France France's new government will draft an energy bill that will ensure a larger role for renewables and recognises a place for nuclear energy.
Prime minister Jean-Pierre Raffarin said the energy bill will be preceded by a broad public energy debate, but he didn't give details. In his policy speech, he said that considering "nuclear's particularities and the French people's expectations", he would ask the parliament to take up a bill on nuclear safety and transparency. He said: "Promised for too long, a nuclear sector reform bill must be passed as soon as possible." The nuclear safety and transparency bill approved by the former government, after years of internal debate, was submitted to the National Assembly last year, but never acted upon. Just before this year's elections, the previous government transferred the bill to the Senate, which wasn't involved in the elections, so that it wouldn't expire with the outgoing lower house.
The bill before the Senate does not set up an independent nuclear regulatory authority, as many in the administration and the parliament had wanted. In the absence of the new law, the previous government issued decrees reorganising the country's nuclear regulatory structure and technical support organisations in February (see story links below).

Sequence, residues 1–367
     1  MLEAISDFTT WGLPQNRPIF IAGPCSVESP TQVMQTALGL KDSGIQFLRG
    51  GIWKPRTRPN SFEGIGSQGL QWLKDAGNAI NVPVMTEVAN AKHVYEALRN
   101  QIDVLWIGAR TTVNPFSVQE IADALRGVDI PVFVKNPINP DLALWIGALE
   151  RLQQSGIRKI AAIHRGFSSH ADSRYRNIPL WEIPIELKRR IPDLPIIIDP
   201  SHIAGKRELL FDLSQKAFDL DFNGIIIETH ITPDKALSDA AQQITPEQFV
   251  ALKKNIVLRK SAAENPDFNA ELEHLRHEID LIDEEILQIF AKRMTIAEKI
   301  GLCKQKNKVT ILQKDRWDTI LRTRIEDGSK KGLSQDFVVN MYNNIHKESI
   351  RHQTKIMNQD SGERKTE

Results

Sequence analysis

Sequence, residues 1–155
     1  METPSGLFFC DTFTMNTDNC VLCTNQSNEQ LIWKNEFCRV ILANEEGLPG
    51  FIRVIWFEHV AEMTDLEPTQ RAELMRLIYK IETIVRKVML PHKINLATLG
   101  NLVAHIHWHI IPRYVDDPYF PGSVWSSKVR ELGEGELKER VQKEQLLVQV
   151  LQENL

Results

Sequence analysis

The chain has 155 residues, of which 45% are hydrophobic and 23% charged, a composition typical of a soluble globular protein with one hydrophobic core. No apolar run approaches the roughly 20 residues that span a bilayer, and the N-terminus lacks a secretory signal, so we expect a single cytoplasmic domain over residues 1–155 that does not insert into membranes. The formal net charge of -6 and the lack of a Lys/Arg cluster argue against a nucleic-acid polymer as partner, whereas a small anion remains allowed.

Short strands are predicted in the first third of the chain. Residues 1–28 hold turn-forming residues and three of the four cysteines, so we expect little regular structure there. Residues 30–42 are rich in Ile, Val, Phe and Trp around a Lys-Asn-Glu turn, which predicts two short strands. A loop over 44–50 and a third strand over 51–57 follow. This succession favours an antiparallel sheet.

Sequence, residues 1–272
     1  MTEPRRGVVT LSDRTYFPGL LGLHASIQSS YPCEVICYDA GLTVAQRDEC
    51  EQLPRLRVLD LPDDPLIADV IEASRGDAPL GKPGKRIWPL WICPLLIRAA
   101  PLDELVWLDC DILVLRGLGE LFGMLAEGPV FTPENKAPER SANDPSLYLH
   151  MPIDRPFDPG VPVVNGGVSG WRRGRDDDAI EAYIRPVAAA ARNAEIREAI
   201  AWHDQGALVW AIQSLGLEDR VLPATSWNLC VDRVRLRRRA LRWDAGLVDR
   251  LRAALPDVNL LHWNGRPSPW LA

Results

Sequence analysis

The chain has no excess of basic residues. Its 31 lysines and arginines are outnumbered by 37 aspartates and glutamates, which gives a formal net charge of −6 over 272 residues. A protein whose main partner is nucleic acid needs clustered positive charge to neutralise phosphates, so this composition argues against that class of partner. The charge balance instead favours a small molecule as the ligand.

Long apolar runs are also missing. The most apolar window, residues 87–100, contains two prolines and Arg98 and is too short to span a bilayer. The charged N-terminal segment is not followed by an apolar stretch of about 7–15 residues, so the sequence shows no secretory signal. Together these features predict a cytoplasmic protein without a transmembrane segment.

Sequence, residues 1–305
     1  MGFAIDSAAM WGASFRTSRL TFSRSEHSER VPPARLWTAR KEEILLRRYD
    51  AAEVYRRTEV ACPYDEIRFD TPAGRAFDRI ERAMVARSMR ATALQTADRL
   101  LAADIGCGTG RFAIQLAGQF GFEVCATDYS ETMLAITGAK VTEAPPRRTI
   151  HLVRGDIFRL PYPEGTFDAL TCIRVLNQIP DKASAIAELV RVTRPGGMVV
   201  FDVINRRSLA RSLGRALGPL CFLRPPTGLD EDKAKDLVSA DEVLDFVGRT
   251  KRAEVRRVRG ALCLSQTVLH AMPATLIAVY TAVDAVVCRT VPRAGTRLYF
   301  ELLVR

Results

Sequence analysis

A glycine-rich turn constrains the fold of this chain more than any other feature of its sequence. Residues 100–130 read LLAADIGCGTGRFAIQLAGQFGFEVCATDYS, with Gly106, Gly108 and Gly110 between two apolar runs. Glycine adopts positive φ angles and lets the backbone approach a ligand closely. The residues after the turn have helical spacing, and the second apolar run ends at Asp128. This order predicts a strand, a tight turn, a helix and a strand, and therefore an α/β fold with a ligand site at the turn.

The transparency section of the bill would create a special "high authority" responsible for providing information to the public on France's nuclear operations. Citizens would be able to petition the authority for information, which operators would then have to provide. It would also give clear authority and resources to the many local information commissions that are set up as interfaces between the public and operators of major nuclear installations in France.